Bioethics and Consciousness: an interdisciplinary and interreligious reflection on an essential dimension of the human person (2° part)

Bioethics and Consciousness: an interdisciplinary and interreligious reflection on an essential dimension of the human person (2° part)

By Ana Maria Ganev, PhD Cadindate of the School of Bioethics and Inter at UNESCO Chair in Bioethics and Human Rights

The 19th Summer Bioethics Course ended with two exceptional conclusive days on July 9-10, 2021. This wide-ranging summer course on bioethics and consciousness started with an introductory speech by Alberto García Gómez, the Pro-Dean and Professor at the School of Bioethics of Athenaeum Pontificium Regina Apostolorum in Rome (APRA), who expressed his gratitude towards the coordinators of this webinar, Prof. Fr. Alberto Carrara, LC, Director of the Neurobioethics Study Group and Dr. Maria Paola Brugnoli, Coordinator of the Neurobioethics Study Subgroup on Consciousness.

The first speaker, the psychologist and hypnotherapist Katalin Varga from Eötvös Loránd University in Hungary, drew to a close the psychological part of the summer course with a presentation about the suggestive communication with critically ill patients. She presented several captivating research results proving that that appropriate communication, called Psychological Support Based on Positive Suggestions, can improve the medical care in various settings. The evidence was reflected in various parameters like shorter hospital stay, better cooperation of the patient, less medication needed, reduced side effects and painkiller use, increased survival rate and faster recovery.

The section with reference to the philosophical-anthropological and theological-spiritual perspective on human consciousness was introduced by Giorgia Salatiello, Professor Emeritus of the School of Philosophy of the Pontifical Gregorian University. At first a clear distinction has been made between consciousness, self-awareness and self-transcendence. Self-awareness is a peculiar and exclusively human capacity which implies reflection and a complete return to oneself (the Thomistic concept of reditio completa). It is necessary to investigate the implication of these issues from a gnoseological and metaphysical point of view. Immediately afterwards, the anthropological implications are to be taken into consideration as well as the noteworthy theme of freedom and consequently the theme of responsibility. Most importantly, the capability of self-awareness ought to be set apart from its use and application.

The following speaker, Prof. Fr. Adrián Canal, LC, (APRA), undertook the purpose of shedding some light on the notion of consciousness in Descartes and Locke. The final section was dedicated to the main aspects concerning the continuity between Descartes and Locke, who both considered consciousness as an interior sentiment that accompanies thinking, as well an interior reflexivity, and is not to be confused with perception, memory, nor reflection.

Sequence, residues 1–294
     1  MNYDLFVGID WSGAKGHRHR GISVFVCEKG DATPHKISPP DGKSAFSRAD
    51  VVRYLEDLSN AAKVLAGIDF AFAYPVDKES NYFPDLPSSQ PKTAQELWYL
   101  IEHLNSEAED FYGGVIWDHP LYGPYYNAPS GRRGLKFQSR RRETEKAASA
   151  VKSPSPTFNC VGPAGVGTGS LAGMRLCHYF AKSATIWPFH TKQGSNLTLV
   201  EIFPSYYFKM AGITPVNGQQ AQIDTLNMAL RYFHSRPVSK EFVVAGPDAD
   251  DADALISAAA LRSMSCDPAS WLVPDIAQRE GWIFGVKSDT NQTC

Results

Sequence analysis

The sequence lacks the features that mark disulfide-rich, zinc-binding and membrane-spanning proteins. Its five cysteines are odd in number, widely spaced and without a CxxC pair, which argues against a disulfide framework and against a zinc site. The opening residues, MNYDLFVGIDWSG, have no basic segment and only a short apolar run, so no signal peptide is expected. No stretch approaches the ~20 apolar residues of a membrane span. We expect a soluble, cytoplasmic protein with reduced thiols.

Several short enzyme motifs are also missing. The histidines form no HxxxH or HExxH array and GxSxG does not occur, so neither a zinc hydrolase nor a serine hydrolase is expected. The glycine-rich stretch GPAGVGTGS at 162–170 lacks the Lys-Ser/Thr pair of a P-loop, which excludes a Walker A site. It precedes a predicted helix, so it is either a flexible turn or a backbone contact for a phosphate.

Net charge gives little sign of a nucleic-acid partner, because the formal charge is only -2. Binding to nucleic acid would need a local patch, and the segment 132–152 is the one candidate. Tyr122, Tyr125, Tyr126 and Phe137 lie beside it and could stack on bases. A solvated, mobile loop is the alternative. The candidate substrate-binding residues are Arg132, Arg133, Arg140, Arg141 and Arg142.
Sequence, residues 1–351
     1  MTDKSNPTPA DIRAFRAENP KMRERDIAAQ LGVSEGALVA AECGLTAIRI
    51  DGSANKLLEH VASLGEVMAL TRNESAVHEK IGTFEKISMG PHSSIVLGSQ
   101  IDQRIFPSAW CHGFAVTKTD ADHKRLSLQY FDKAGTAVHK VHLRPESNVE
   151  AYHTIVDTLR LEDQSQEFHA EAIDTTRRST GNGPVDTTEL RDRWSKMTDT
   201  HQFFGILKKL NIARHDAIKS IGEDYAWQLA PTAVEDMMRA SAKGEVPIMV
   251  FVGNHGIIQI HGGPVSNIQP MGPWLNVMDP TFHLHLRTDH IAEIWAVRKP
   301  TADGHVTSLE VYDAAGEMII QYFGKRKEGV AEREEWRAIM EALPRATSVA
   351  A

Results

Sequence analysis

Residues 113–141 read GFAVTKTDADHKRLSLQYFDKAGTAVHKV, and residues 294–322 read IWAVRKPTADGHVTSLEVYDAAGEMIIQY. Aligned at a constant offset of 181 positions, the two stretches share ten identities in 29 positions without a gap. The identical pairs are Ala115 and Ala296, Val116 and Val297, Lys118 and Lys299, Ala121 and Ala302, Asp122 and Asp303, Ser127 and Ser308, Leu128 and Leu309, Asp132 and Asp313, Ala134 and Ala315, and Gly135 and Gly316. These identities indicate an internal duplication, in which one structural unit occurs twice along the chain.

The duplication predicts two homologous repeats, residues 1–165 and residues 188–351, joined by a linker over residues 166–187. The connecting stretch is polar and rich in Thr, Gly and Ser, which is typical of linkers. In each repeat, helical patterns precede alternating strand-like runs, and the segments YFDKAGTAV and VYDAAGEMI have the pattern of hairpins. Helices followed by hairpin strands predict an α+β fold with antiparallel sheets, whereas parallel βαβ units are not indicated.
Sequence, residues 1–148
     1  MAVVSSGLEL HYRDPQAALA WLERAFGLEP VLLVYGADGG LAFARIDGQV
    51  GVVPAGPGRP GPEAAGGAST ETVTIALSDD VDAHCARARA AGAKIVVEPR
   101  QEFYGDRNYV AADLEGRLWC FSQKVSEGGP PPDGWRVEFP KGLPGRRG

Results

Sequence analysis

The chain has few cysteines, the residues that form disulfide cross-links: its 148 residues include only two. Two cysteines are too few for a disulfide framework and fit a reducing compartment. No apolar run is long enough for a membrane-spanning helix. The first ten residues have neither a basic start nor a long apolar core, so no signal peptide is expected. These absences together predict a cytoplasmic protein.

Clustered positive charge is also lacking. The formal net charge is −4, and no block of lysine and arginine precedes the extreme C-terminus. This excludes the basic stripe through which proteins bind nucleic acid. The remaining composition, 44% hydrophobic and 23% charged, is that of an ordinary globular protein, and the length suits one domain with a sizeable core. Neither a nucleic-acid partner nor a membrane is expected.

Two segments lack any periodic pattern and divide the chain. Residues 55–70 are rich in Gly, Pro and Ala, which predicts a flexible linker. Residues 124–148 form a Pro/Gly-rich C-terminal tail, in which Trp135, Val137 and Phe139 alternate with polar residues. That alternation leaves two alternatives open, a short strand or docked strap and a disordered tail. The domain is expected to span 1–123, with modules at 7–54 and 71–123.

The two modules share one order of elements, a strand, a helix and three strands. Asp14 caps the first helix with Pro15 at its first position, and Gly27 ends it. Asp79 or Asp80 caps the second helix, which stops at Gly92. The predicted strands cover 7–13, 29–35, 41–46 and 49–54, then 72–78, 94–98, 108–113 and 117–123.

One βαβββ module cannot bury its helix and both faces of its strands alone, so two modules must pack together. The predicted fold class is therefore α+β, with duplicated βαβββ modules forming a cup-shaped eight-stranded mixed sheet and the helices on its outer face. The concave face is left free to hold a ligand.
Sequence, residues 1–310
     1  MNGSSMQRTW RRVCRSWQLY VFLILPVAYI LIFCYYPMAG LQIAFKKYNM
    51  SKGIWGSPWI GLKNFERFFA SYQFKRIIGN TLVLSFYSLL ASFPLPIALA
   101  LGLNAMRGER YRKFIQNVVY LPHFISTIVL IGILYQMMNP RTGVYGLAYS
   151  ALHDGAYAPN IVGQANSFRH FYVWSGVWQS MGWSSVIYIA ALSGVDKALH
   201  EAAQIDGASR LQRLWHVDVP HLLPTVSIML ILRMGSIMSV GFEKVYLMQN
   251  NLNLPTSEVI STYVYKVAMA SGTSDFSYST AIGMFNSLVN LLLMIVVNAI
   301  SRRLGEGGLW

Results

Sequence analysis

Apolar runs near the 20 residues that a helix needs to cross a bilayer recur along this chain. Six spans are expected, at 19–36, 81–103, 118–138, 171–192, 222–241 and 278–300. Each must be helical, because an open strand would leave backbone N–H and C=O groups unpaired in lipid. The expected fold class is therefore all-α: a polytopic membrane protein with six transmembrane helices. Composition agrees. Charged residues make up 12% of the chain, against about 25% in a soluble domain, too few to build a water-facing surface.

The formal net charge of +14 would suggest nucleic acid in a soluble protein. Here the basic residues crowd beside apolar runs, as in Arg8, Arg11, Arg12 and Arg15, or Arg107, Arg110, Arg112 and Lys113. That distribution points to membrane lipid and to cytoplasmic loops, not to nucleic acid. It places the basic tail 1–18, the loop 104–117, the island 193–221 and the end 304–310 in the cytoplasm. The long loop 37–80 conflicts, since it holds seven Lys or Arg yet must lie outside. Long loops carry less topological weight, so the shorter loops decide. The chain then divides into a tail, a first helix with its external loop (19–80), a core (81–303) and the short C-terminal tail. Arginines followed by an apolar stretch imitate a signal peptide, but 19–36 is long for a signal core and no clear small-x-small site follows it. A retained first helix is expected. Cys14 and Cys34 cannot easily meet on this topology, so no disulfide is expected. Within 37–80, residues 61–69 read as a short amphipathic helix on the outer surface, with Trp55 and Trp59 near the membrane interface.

The next presentation, by Prof. Fr. Alex Yeung, LC. (APRA), pursued the answer to an intriguing question: Are the Origins of Consciousness an Emergence or Divine Intervention? From an Aristotelian-Thomistic approach, integrated with neurosciences, consciousness refers to the concomitant experiential quality of intentional acts. Metaphysical reflection first centers on the principle of unity of the human person, which, being a substantial unity (biological unity besides a functioning perceptive brain), requires the presence of a spiritual soul (Aristotelian form).

The first day ended with the lecture of Prof. Fr. Michael Baggot (APRA), who focused the attention on the renowned ethicist Karol Wojtyła, who placed Thomistic interpretations of consciousness in dialogue with 20th century thinkers from other intellectual traditions. Wojtyła highlighted the mirroring and reflexive functions of consciousness, as well as the metaphysically grounded anthropological reflections in view of considering the acting person as a moral agent.

On the last day of this stimulating and compelling summer course, Prof. Fr. Francisco Ballesta, LC, (APRA), focused his presentation on clinical ethics in patients with pathologically-impaired or altered state of consciousness. After a brief analysis of the ethical criteria that must regulate the healthcare of these kind of patients, Prof. Ballesta compared them with real cases in clinical practice.

The second speaker, Emanuela Cesarella, Lawyer at the Court of Rome, gave a particular emphasis to the notion of law, to be considered not as a sterile instrument for regulating the relationships between subjects as part of the legal system, but as the manifest expression of human values. She highlighted as well the relevance of the right to conscientious objection in protecting personal ethical beliefs as opposed to controversial laws.

The final lecture was held by Prof. Melissa Maioni (APRA), who introduced the inspiring topic of the relationship between consciousness and art. Is there a neural basis for the aesthetic experience? Is there a relationship between states of consciousness and the perception of beauty? With the aim of grasping the truth of beauty and enhancing aesthetic experience with a moral insight oriented towards good and beauty, philosophical and bioethical besides neurological and psychobiological theories should be integrated and harmonized.

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